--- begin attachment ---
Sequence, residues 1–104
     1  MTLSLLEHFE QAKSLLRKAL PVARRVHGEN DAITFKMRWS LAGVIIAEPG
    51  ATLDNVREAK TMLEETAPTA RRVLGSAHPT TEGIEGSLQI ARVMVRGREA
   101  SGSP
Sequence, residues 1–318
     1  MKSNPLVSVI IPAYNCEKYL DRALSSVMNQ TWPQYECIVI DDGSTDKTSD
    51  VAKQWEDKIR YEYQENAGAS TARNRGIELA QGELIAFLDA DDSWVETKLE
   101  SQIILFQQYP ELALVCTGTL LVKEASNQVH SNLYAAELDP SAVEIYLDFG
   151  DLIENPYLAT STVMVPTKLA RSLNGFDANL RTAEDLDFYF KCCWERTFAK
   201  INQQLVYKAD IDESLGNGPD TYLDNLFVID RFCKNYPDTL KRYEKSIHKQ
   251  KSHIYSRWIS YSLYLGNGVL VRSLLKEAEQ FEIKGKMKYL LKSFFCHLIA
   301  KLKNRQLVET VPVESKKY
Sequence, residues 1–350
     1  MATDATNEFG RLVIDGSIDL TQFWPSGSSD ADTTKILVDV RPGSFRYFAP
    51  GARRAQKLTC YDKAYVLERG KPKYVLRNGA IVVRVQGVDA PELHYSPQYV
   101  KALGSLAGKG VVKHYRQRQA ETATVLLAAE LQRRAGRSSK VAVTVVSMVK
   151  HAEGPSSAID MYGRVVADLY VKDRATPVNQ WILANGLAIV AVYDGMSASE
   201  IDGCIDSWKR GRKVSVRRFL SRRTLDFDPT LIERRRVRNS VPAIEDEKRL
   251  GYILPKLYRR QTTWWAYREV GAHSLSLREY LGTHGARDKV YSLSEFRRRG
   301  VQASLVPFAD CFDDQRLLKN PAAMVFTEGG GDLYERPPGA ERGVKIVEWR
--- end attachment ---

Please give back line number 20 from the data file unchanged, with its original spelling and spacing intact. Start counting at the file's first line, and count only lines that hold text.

   301  VQASLVPFAD CFDDQRLLKN PAAMVFTEGG GDLYERPPGA ERGVKIVEWR